Their accomplishment was that they had heeded Paul’s warning 30 years earlier. Paul warned them that there would be wolves and liars and false teachers and false apostles who would come in and try to destroy the church – or at least lead them astray. Jesus said that the congregation at Ephesus had tested these teachers and self-appointed apostles to see if they were what they claimed to be. The Greek for tested is peirazo (pronounced pi-rad’-zo). It means to tempt, to prove and put to the test in order to ascertain the true character, views, or feelings of someone. They worked hard and labored long to test those teachers and apostles to make sure that they were true ambassadors of Christ. In verse 3, Jesus repeats that they have persevered and labored and bore up under pressure for the sake of His name, and that in the process of it all they had not become weary. The Greek for weary is kamno (pronounced kam’-no.) It means to be made sick by constant work. Jesus praises them that their continual battle against false teachers, false teachings, and false apostles has not made them weary or sick. They haven’t given up or quit under the pressure but are constant in this battle. I’m sure we all have battled against problems or issues in our lives for such a time that at one point we have seen no end in sight. We become weary, want to say, “Forget it!” And we sometimes do. Jesus praises the Ephesians for not becoming weary of the fight and for keeping on keeping on.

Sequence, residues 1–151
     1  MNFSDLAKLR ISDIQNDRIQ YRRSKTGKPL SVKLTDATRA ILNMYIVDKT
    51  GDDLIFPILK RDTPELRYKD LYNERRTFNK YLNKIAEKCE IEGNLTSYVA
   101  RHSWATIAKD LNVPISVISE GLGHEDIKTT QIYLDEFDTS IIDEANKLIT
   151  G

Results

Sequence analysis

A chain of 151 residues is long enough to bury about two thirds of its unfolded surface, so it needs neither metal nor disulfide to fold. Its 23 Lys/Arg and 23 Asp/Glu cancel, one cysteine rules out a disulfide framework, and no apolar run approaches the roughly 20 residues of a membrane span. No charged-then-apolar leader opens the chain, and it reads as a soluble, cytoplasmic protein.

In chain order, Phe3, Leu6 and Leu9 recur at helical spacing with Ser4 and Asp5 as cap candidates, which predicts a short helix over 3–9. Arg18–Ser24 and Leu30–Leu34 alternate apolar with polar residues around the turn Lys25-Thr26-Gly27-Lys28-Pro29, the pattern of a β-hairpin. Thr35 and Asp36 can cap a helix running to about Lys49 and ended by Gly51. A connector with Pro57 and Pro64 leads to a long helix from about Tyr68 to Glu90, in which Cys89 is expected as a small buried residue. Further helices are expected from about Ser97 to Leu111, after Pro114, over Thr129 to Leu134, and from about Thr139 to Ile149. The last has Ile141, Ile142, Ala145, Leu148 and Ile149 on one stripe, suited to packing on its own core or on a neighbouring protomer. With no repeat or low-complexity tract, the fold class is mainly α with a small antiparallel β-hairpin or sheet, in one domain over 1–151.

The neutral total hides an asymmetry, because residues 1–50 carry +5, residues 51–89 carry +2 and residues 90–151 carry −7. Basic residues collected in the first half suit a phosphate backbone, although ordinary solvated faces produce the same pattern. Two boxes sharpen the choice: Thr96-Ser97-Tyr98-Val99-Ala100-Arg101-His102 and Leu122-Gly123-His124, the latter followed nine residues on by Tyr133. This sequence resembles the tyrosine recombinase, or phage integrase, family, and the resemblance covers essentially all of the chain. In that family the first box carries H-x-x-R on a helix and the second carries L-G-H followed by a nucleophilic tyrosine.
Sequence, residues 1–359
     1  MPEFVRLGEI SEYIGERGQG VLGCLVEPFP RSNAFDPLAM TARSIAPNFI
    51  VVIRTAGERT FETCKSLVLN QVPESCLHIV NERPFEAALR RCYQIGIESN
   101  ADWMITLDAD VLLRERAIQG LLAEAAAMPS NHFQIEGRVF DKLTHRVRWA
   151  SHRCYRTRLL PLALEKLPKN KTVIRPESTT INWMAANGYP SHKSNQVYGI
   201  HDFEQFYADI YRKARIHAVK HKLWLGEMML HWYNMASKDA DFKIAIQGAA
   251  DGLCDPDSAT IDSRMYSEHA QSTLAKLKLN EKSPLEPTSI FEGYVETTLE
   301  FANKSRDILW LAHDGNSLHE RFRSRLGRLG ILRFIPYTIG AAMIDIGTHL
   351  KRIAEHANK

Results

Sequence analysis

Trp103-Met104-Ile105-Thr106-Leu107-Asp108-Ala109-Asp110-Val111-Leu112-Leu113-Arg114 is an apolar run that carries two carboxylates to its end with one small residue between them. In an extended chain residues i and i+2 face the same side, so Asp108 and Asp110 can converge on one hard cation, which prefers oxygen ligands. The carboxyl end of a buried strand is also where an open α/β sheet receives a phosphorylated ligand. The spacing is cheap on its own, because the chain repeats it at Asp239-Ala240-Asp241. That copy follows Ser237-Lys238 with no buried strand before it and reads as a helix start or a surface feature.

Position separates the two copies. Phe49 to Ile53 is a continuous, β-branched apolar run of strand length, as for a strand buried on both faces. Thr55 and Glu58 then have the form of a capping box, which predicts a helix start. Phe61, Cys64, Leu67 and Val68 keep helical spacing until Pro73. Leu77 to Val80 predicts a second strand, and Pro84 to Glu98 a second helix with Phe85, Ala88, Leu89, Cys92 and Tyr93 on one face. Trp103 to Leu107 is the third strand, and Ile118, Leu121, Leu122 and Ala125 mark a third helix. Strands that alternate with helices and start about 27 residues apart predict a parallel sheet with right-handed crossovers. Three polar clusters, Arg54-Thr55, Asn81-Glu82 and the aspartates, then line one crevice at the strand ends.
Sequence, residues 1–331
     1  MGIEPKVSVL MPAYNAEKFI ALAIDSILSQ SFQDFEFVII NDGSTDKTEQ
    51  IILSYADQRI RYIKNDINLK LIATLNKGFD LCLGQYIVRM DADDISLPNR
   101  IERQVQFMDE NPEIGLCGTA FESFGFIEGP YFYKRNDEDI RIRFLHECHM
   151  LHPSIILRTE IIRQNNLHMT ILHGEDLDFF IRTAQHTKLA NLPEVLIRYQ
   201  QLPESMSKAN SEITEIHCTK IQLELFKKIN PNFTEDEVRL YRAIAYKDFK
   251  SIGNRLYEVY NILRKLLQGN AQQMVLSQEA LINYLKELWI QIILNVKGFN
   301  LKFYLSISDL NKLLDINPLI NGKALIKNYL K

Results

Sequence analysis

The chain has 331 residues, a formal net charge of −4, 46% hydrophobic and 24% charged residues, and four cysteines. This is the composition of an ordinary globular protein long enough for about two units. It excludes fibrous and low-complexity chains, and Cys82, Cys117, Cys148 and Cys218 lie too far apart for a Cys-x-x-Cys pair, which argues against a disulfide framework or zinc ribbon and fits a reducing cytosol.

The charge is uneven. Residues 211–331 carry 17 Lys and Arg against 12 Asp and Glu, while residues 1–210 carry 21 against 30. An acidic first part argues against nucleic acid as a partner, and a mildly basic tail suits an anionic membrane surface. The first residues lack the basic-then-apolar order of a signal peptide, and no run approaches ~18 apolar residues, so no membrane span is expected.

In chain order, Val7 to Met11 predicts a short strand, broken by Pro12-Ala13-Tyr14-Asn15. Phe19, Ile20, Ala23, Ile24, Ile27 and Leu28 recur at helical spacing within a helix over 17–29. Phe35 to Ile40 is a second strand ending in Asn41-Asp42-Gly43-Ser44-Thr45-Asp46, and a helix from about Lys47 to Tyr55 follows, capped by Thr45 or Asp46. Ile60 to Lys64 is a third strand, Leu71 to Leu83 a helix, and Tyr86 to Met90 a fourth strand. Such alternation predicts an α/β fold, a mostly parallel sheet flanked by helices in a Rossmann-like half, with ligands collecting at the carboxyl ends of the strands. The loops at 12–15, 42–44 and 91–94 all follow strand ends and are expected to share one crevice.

Verse 4 brings us to the charge against them. Jesus tells them they have forgot their first love. The Greek for love is agape – a word we followers of Christ know well. It means selfless love, sacrificial love. I will close tonight’s study with what the Lord means by this.